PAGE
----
In 2021, voters enjoyed their regular respite from local political races, which comes in the year following a presidential election.
In 2022, voters will be choosing several positions in Monroe County government.
The positions include four different seats on the county council, three circuit judges, one county commissioner, as well as assessor, clerk, prosecuting attorney, recorder and sheriff.
Monroe County went decisively for Democrat Joe Biden in the 2020 presidential race. Biden received about 63 percent of votes compared to 35 percent for Donald Trump.
All county positions except the four county council seats are elected countywide, which means Democrats have a significant advantage in the fall general elections.
That doesn’t mean there won’t be any choices for voters in November.
Incumbent sheriff, Democrat Brad Swain, is term limited by the Indiana Constitution—he was first elected in 2014. So Swain can’t run for re-election in 2022.
They’ll need to follow their statements of their exploratory committees with a declaration of candidacy. The earliest date when a candidate for any race can file a declaration is Jan. 5.
Marté is a captain with the Indiana State Police. Williamson is a sergeant with the Monroe County sheriff’s office.
Another Republican who plans to be on the ballot in November 2022 is
District 1 county councilor Marty Hawk.
She told The B Square she’ll run for re-election to the county council because that’s where her heart has been for such a long time.
The tweaks to the county council districts adopted by county commissioners changed the boundaries for District 3 to balance out the population.
But the changes did not affect the political balance much, based on the voting pattern in the 2020 presidential election.
The boundary change made District 3 just a smidgen more Republican, boosting the percentage from 54.92 to 55.06 percent, based on votes cast in the 2020 presidential election.
2020 Presidential Race Results: Old vs New County Council Districts
|Old Districts||TRUMP 2020||BIDEN 2020|
|New Districts||TRUMP 2020||BIDEN 2020|
The other three county council districts voted decisively for Democrat Joe Biden in 2020. The incumbent for District 1 is Democrat Peter Iversen, who has filed initial paperwork for re-election. The incumbent for District 2 is Democrat Kate Wiltz.
The county council District 4 seat is currently vacant, after the resignation of Eric Spoonmore.
The rest of Spoonmore’s term representing District 4 on the county council will be served by the pick of the Democratic Party caucus, which is set for Sunday, Dec. 19 at 2 p.m. in the Monroe County Public Library.
Democratic Party chair Jennifer Crossley has declared her candidacy at the caucus for the District 4 seat. Two other candidates who had been mulling caucus runs for the District 4 seat—Dominic Thompson and Ilana Stonebraker—have since indicated to The B Square that they will not be contesting the race.
Caucus candidates have to file paperwork with the county, which gets posted on the county website.
The caucus pick for District 4 would need to win election in 2022 to continue their service on the county council.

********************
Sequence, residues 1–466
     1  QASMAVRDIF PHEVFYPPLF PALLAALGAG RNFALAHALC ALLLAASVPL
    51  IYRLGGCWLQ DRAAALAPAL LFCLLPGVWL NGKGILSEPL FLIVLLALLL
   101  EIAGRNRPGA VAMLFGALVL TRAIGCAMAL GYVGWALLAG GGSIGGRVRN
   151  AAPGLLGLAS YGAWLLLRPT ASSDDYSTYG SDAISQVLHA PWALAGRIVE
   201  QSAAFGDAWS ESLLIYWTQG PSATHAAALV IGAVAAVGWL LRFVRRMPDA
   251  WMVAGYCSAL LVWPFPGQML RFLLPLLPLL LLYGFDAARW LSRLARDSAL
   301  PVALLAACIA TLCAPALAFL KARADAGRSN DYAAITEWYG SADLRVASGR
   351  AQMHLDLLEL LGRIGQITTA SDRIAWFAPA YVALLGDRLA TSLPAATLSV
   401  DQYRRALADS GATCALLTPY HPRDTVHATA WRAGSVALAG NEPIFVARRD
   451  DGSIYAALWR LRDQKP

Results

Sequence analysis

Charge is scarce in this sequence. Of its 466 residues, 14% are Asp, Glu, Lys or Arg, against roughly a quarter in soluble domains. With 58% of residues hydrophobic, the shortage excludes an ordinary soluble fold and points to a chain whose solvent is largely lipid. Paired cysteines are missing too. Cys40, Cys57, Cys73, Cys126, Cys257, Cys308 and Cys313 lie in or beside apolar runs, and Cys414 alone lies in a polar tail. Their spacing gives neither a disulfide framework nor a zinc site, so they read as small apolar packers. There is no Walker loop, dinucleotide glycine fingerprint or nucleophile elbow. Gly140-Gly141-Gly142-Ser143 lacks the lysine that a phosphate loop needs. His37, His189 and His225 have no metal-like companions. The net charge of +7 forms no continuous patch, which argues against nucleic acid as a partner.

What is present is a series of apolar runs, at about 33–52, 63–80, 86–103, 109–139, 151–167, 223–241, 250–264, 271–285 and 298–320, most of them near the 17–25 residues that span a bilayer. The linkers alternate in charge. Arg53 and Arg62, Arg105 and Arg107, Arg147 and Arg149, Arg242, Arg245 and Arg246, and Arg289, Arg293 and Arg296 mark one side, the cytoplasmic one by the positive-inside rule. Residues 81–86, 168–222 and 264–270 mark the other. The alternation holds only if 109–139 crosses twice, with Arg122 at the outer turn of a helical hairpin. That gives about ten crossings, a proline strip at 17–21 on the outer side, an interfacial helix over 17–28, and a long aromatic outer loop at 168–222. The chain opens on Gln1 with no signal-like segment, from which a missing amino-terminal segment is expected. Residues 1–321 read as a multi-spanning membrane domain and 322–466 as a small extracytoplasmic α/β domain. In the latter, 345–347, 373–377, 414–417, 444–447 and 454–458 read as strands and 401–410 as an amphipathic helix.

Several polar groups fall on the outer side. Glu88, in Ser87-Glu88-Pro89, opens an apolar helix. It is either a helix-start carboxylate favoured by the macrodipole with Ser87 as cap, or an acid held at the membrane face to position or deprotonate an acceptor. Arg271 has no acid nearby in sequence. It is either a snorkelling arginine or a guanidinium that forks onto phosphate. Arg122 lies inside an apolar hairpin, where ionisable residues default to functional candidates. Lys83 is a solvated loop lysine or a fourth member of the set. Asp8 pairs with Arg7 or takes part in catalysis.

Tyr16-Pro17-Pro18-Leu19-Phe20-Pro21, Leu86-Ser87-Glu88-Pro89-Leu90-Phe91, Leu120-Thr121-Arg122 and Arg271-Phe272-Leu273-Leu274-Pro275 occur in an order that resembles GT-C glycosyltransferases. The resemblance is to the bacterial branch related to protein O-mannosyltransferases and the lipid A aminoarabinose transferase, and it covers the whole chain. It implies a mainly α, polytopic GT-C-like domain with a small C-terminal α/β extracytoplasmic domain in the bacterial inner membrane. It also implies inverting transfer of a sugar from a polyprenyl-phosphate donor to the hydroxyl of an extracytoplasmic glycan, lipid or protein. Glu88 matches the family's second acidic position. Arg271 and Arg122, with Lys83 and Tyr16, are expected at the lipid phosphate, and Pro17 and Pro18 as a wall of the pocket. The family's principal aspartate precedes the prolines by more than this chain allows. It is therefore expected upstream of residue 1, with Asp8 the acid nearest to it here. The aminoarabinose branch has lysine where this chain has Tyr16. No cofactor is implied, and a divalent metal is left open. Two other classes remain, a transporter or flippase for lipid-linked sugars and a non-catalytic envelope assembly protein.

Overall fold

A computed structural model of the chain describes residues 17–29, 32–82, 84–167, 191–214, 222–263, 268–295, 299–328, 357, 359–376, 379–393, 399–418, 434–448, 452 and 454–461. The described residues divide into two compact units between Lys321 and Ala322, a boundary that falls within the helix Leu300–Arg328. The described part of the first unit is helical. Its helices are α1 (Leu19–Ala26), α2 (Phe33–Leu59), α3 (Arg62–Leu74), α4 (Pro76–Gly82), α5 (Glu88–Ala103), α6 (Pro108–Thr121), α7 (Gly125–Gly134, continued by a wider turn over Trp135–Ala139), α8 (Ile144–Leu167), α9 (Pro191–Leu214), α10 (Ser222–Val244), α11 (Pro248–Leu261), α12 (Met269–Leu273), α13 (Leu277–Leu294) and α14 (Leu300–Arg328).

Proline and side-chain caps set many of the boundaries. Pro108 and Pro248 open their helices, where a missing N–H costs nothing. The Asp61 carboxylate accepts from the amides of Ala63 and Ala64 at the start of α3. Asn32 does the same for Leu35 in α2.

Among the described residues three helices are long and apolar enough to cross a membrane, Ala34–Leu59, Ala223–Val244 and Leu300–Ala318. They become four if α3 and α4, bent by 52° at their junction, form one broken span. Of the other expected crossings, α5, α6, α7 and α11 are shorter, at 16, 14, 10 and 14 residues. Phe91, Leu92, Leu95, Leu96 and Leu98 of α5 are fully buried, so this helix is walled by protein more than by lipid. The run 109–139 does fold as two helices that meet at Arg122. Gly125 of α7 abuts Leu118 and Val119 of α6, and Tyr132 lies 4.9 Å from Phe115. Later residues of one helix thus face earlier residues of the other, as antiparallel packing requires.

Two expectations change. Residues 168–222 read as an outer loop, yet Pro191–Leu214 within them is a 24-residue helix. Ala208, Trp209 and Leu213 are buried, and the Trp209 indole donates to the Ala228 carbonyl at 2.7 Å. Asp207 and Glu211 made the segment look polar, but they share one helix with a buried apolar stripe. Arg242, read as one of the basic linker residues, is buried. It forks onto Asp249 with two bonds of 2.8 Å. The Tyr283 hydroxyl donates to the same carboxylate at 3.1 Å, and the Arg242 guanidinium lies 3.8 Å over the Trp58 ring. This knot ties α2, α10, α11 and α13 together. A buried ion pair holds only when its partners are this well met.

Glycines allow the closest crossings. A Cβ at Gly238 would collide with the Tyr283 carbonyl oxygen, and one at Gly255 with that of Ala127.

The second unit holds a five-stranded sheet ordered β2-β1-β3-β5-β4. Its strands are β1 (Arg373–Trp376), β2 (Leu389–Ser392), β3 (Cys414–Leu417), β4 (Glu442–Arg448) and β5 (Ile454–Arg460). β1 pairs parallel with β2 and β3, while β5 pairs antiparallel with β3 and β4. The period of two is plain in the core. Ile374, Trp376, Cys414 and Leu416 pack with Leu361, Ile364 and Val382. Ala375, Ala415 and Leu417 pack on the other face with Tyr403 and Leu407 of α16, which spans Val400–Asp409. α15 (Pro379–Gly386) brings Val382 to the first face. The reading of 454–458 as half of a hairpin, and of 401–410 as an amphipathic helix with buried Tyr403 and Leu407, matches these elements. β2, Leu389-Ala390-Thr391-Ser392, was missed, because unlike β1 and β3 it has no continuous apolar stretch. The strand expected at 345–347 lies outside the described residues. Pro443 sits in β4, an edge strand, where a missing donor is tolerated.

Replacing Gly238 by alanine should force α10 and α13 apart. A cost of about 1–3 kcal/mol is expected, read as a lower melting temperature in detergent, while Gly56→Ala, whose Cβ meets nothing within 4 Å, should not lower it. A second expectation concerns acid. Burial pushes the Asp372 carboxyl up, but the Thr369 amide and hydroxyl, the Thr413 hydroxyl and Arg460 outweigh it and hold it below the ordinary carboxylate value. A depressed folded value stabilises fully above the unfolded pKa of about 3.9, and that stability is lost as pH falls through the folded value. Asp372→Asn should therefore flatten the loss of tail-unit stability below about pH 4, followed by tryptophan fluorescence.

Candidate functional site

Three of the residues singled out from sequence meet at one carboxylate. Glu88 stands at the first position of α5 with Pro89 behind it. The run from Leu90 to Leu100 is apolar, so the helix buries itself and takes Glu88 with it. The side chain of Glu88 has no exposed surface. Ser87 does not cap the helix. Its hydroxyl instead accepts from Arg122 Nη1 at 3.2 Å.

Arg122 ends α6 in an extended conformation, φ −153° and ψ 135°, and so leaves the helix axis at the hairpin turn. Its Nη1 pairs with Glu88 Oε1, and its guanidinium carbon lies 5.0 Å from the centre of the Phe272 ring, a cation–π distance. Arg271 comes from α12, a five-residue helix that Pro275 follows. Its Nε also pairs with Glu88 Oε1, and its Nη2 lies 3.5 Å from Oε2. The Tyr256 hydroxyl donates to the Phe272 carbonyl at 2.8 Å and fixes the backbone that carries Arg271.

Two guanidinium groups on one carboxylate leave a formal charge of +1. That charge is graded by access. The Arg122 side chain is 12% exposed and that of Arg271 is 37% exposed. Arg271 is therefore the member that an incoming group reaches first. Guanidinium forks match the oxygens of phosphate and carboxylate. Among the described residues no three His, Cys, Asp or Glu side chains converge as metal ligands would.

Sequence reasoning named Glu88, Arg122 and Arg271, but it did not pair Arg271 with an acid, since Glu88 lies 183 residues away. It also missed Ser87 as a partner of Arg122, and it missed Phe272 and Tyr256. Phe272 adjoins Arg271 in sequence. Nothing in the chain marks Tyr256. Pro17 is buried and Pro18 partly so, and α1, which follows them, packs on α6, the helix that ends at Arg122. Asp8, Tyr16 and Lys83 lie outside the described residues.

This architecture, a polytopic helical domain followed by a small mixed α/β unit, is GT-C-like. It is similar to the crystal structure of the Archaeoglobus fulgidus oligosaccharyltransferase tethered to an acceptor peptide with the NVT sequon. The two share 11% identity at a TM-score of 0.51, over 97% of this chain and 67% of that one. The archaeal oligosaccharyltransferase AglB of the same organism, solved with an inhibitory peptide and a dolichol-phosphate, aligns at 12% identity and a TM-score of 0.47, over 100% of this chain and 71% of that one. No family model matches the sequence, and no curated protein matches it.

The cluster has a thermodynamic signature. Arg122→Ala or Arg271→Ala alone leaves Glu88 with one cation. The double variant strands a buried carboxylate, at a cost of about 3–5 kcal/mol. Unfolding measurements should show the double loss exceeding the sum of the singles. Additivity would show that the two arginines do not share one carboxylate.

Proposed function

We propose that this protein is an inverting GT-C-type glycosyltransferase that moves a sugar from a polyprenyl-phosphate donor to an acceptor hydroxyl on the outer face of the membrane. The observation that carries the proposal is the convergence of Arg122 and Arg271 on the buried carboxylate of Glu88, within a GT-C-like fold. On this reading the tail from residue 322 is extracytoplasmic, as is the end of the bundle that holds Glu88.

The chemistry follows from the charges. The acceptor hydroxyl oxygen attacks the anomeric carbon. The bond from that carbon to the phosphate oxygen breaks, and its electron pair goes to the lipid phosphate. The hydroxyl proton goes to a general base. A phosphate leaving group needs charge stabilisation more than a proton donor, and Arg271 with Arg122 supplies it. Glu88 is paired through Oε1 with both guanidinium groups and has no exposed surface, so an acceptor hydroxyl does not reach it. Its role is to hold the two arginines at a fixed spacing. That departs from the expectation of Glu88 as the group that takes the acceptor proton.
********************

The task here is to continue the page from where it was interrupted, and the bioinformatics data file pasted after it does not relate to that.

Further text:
The three at-large seats on the county council—Cheryl Munson, Trent Deckard, and Geoff McKim, were chosen in 2020 to serve four-year terms. They’re all Democrats.
The three county commissioners, even though they have residency requirements defined by three different districts, are elected by voters across the county to four-year terms. They are all Democrats.
Julie Thomas and Penny Githens were re-elected in 2020 to their posts as commissioners. The incumbent for the remaining seat, which is up for election in 2022, is Democrat Lee Jones.
Another incumbent who is term limited is county recorder, Democrat Eric Schmitz. He was first elected in 2014, when he won a narrow victory over Republican Jeff Ellington.
At the Oct. 31 event when county commissioner Penny Githens announced her candidacy for the District 62 state house seat, Schmitz wore a button indicating support for Ashley Cranor as recorder. Cranor is currently chief deputy recorder, and has already filed a statement of organization for an exploratory committee.
According to Herald-Times reporting from 2016, Cranor was one of the candidates at a Democratic Party caucus that year to replace Linda Robbins as county clerk, who resigned before her term concluded.
The 2016 caucus picked deputy clerk Nicole Browne to fill Robbins’s spot. In 2018, Browne won election to the clerk’s position. Browne has said she’s planning to run for re-election in
Browne is not term-limited, even though by the end of a second four-year term in 2026, she would have served more than the eight-year limit described in the Indiana Constitution. That’s because the constitutional limit is spelled out as not applying to the years of pro tempore service that come from being appointed by a caucus.
From the Indiana Constitution:
Article 6 Section 2
(c) No person shall be eligible to the office of Clerk, Auditor, Recorder, Treasurer, Sheriff, or Coroner more than eight years in any period of twelve years.
Article 2 Section 11
In all cases in which it is provided, that an office shall not be filled by the same person more than a certain number of years continuously, an appointment pro tempore shall not be reckoned a part of that term.
One candidate for circuit court judge has filed some initial paperwork—Democrat April Wilson. Wilson has filed for the Seat 7, Division 7 seat on the bench, where judge Stephen Galvin, a Democrat, now sits. Galvin is not expected to seek re-election.
The campaigns for county offices won’t start to come into clear focus until Jan. 5, when official declarations can be filed with the county’s election division.
After that, the first deadline comes up quickly. It’s noon (not the end of the day) on Feb. 4, 2022, when candidates for the nomination of a major political party have to file their declarations.